Ponmagal Vandhal Movie Review: When it comes to courtroom dramas, Ponmagal Vandhal is extremely lackluster.

Critic rating: *****2.0 / 5
Ponmagal Vandhal Movie Synopsis: A rookie lawyer leads to the reopening of a notorious 15-year-old case of a dead psychiatrist who is said to have kidnapped and murdered little girls.
Ponmagal Vandhal film review: JJ Fredricks Ponmagal Vandhal was in the news for his makers’ decision to release him directly on an OTT platform (the first high profile Tamil film to do this) and the controversy associated with it. But it only takes a few minutes before we realize that the movers and shakers were only sensible if they chose this path instead of opting for a theatrical release. Because both when writing and when creating this project has a strong TV feeling.
Ponmagal Vandhal is a non-apologetic news film in the form of a courtroom drama that relies solely on the leading actor’s crusader zeal to receive a positive verdict from the audience. Since returning to acting in 36 Vayadhinile in 2015, Jyotika has primarily led projects driven by an embassy, ??and has even brought her Sobriquet wife Samuthirakani. As in the case of the actress, her films are all about the message, with storytelling and crafts being sacrificed. While this may not be too problematic in a film like Raatchasi, this is not the case in this film, mainly because of its genre – courtroom drama.
The film begins with a calm picture of a foggy mountain landscape. But soon the silence is shaken by gunfire. We are told that Jyothi, a North Indian woman, murdered a few young men who were trying to save a girl who had kidnapped her. News reports claim that she is a psycho killer who kidnaps and murders little girls. And we learn that she was shot in a police operation. The film is then cut to 15 years later when Venba (Jyotika), an inexperienced lawyer, manages to get the court to reopen Jyothi’s case and argue her side. Who is she and why is she risking everything, especially when public opinion is against her?
Ponmagal Vandhal is decidedly lackluster when it comes to courtroom dramas. Instead of fiery dialogues and charged arguments between the opposing lawyers, we receive emotional statements that are given as explosive evidence. To top it off, Fredrick even gives us shots of people in the courtroom wiping their tears when they hear the lead’s heartfelt speech. But a few lines make their mark – Udal reedhiya thunburuthapatta palapaer kitta unmaiya thavira endha saatchiyum irukkadhu. And Ramji’s cinematography brings the backdrop of the mountain station to life, especially when taking night shots. But the narrative is absolutely predictable and leads to a film that is less than convincing at all times. Right from the start, the film reveals its cards that almost every turn is not a surprise and that there are no tensions in the process. The treatment feels superficial, especially since the film deals with a sensitive topic – the sexual abuse of children.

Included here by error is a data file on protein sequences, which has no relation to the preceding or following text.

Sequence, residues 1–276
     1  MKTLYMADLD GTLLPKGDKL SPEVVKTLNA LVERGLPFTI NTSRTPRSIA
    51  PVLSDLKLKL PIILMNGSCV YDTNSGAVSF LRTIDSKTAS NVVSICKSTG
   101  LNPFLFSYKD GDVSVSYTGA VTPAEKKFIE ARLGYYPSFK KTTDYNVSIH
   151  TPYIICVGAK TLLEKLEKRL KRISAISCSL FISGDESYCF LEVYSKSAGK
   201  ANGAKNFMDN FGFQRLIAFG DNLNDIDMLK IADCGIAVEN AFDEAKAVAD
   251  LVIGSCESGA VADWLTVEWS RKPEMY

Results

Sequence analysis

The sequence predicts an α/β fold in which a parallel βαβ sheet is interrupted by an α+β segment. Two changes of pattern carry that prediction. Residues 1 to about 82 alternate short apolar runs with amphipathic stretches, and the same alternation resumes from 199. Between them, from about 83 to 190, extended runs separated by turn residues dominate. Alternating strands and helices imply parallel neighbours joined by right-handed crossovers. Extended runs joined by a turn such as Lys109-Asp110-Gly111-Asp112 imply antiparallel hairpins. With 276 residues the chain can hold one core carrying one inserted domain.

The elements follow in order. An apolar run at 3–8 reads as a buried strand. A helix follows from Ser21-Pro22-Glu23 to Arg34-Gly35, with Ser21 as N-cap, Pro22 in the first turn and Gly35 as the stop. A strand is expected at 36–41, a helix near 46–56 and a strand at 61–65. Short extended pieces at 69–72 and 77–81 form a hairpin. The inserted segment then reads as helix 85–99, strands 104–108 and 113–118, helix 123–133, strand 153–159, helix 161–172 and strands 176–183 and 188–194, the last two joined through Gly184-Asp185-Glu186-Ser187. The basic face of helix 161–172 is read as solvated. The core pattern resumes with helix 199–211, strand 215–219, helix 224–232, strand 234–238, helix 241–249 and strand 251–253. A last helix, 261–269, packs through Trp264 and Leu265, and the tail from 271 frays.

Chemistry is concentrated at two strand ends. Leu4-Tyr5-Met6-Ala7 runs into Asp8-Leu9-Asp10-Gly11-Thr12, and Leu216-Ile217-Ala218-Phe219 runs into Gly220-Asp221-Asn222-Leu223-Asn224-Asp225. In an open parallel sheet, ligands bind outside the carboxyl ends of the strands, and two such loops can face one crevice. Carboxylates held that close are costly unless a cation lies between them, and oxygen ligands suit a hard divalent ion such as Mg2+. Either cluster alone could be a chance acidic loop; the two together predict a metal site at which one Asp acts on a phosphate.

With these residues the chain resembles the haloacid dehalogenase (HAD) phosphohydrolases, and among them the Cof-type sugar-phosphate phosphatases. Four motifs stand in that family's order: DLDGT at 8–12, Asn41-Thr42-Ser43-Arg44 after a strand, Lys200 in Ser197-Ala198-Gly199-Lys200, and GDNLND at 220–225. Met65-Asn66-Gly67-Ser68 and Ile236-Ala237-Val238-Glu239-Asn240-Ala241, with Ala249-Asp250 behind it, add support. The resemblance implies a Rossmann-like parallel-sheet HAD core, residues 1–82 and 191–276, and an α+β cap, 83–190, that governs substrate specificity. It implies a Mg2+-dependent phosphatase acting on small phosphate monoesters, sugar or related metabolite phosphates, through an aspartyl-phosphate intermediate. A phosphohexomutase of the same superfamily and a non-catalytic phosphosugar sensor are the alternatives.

There are a number of supporting characters – Venba’s father Petition Pethuraj (K Bhagyaraj), the opposing lawyer Rajarathinam (Parthiban, whose Parthibanisms scratch in the dialogues due to the sound of the film), a rich and powerful businessman Varadharajan (Thiagarajan) and the principal judge ( Pratap Pothen) – but none of them develop beyond its one-note characteristics. Jyotika, who is allowed to play two roles, gives us seriousness, but that’s not enough to save the overly melodramatic narrative.

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